171 Preliminary Outcomes of Directly-observed Treatment of Advanced HIV Disease with ARVs (DOT-HAART) in Rural Haiti P. Farmer*1, F. Leandre2, S. Koenig1, P. Nevil2, J. Mukherjee1, J. Ferrer2, B. Walker1, C. Orelus2, M. Smith-Fawzi1 1Harvard Med Sch, Boston, MA and 2Zanmi Lasante, Cange, Haiti
Background: HIV, the leading infectious cause of adult deaths in the world today, is concentrated in extremely resource-poor settings. Beginning in late 1998, we introduced ARVs to the formulary of a clinic in rural Haiti, using serology and clinical criteria to determine access to DOT-HAART: directly observed therapy with antiretroviral therapy. DOT was performed by community-health workers (CHWs).
Methods: Retrospective chart review; serial assessments of key clinical and laboratory parameters; focus groups; and ethnographic study. Outcomes were compared between 3 groups: the first 100 patients (pts) who received > 1 month of DOT-HAART from a CHW; 100 pts diagnosed with HIV infection during the same period and from within the catchment area who received regular care, but deemed less sick than those who received ARVs; 100 pts diagnosed with HIV infection during the same period but living outside the area served by CHWs. All medical care was provided free of charge.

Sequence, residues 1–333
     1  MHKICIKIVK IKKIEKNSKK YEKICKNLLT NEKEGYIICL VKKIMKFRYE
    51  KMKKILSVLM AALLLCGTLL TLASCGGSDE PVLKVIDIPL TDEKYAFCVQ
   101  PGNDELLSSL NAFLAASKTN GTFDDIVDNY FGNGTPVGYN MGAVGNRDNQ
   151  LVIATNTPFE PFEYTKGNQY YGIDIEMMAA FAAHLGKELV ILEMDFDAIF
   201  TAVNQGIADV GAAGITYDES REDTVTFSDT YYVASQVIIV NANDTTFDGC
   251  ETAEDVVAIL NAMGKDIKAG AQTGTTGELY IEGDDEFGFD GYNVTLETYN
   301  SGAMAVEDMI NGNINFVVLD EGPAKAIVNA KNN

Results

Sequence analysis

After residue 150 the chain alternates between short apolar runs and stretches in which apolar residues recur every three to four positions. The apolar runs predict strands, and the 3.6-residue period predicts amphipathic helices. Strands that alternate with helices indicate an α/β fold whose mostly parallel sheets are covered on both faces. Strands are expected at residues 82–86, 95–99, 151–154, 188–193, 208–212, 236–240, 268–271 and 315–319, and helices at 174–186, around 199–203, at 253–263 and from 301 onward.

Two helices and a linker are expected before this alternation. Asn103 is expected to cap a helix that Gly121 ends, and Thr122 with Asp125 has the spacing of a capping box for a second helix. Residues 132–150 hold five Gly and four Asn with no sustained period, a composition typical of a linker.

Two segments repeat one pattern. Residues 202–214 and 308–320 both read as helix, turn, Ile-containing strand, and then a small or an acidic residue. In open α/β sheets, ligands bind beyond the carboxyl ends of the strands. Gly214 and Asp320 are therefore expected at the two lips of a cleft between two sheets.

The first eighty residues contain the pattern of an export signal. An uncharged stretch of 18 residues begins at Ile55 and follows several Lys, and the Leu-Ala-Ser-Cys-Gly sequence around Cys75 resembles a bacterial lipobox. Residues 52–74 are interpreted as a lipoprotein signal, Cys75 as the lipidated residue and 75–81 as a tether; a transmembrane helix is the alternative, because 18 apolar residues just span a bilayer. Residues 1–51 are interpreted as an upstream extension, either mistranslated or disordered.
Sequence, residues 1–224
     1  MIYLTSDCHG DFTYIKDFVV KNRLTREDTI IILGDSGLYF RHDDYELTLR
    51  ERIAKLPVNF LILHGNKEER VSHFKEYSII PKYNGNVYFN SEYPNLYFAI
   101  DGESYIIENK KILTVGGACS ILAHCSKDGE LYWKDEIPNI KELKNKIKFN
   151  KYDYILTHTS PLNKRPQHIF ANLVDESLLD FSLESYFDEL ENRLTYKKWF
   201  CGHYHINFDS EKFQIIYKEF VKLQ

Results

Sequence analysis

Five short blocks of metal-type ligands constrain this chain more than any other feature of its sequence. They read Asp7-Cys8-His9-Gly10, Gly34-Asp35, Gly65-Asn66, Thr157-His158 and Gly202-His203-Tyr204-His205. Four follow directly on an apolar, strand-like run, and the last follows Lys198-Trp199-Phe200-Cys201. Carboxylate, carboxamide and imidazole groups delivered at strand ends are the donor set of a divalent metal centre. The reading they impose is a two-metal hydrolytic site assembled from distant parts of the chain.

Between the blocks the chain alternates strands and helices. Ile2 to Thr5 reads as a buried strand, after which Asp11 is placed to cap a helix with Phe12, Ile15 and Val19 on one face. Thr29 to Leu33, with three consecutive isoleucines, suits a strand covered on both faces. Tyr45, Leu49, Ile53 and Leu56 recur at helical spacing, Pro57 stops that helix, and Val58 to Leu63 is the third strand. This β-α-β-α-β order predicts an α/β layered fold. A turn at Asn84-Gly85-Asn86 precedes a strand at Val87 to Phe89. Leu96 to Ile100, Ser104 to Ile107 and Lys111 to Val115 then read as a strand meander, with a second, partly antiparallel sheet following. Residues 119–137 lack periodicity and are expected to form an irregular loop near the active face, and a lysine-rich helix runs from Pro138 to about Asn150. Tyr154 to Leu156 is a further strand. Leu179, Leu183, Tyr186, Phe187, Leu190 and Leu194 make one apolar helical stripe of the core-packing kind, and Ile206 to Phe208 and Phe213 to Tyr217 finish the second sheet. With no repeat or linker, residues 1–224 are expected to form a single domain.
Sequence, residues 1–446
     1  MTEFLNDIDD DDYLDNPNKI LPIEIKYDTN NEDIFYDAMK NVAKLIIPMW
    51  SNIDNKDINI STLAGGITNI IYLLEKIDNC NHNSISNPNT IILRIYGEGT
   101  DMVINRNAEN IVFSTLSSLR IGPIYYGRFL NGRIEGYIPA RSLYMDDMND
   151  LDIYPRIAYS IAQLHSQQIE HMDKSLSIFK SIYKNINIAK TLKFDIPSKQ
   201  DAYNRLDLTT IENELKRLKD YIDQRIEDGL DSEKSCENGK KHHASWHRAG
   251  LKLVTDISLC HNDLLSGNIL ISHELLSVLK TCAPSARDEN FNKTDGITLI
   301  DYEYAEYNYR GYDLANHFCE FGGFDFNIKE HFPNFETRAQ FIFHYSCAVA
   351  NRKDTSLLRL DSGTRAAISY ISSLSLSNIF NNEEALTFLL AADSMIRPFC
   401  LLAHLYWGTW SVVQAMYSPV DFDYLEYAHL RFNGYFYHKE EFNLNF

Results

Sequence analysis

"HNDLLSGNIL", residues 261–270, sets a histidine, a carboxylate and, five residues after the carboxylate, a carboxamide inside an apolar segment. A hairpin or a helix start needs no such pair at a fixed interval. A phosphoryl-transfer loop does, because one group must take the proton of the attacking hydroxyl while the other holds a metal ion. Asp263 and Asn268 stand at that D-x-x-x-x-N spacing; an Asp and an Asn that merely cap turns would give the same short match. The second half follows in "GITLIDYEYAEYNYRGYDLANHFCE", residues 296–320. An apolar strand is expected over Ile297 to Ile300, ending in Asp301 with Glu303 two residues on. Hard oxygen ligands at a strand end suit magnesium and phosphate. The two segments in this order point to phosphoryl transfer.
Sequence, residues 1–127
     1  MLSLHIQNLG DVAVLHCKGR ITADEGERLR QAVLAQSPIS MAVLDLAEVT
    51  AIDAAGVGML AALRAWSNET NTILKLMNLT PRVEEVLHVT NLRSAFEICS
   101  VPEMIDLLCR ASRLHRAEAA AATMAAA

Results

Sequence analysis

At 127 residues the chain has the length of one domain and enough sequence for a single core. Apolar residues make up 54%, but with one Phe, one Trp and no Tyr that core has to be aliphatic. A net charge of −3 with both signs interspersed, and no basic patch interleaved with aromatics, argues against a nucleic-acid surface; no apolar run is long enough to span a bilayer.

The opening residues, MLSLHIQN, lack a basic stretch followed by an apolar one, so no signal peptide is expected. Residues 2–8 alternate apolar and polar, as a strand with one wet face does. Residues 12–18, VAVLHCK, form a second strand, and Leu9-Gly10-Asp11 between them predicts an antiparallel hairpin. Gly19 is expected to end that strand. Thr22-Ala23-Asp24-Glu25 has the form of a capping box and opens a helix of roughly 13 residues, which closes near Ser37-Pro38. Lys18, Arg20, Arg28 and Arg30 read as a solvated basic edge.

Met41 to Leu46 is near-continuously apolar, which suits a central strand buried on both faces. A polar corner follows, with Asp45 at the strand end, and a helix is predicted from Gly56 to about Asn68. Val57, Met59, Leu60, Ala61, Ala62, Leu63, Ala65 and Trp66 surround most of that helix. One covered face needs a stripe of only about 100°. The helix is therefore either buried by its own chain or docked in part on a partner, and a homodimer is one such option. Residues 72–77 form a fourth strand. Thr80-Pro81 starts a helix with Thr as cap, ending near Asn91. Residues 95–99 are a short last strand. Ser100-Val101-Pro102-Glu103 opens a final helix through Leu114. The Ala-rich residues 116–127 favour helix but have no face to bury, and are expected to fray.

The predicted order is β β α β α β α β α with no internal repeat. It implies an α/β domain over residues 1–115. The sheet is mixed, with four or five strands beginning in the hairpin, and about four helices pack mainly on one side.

Results: Regardless of endpoint chosen (mortality, weight trend, number of OIs or hospitalizations during study period, ability to perform activities of daily living, or stigma) pts who received DOT-HAART had better outcomes when compared to the other 2 groups. There have been 0 deaths among the first 100 DOT-HAART pts. Among pts who did not receive ARVs but rather aggressive treatment of OIs and isoniazid prophylaxis and access to CHWs, outcomes were better than among pts who did not live within the catchment area, but mortality was high (during the study period, > 10% and 20%, respectively) in both groups; hospitalizations and complications were more frequent than among DOT-HAART pts.
Conclusions: DOT-HAART relying on CHWs is feasible and effective in resource-poor settings. Programs providing only treatment of OIs can hope to reduce morbidity and mortality, but are less effective. Stigma was lessened by the introduction of ARVs; staff morale was improved.